‘The tightrope walk and intense international scrutiny will create piquant situations for India’
Indira Gandhi visits Pokrahn, 1974
From Outlook India:
Even at the worst of times, we Indians have had an exalted notion of ourselves and our nation. Perhaps our hubris is rooted in our being an ancient civilisation, of having discovered the nuances of urban planning two millennia before the Romans, of having produced sophisticated philosophical treatises and a rich body of literature long before much of the world forsook the nomadic life. It’s we who showed the world the power of non-violence, overthrowing the British colonial masters and establishing a democracy in which every person had equal rights. Our forays in space and atomic research, best symbolised through Pokhran-I in 1974, were testimony to India’s brain power that overcame grinding poverty to herald the wonder that is India.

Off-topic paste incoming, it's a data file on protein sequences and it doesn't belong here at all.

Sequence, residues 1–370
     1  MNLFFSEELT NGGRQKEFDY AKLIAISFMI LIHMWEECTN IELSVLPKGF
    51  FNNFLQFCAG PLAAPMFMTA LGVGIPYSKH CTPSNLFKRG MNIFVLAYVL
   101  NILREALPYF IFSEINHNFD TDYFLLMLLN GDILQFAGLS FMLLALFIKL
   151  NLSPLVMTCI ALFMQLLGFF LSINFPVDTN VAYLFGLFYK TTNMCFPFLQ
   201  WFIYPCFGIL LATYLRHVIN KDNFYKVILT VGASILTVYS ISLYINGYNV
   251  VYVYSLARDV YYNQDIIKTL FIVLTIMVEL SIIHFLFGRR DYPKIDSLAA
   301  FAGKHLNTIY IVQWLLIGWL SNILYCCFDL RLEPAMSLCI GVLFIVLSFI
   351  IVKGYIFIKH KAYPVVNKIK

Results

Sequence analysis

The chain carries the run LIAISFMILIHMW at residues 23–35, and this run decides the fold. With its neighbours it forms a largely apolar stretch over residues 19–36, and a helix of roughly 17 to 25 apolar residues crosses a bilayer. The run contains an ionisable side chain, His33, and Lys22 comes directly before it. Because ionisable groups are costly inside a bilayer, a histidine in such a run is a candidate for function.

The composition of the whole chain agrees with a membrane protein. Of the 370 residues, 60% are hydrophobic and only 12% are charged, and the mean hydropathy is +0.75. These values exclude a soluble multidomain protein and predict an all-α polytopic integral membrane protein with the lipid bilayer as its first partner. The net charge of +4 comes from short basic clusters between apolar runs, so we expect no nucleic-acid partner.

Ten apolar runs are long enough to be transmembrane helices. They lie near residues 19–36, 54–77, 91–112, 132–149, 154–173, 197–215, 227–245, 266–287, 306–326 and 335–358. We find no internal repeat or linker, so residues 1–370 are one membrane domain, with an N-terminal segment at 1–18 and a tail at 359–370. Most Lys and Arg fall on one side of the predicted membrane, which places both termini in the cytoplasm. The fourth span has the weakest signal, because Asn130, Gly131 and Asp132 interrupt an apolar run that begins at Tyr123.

But this wonder called India didn’t impress the modern powers. The world, we sullenly noted, respected those countries which could create wealth and influence events beyond their national boundary. We didn’t possess these attributes of power in a substantial measure. And then, as they say, India decided on yet another tryst with destiny—we embraced market economy, galloped ahead in information technology, and registered astonishing growth. A habitual backbencher, India took a ringside seat in the global amphitheatre. Soon we wanted to be in the ring, jousting with the powers.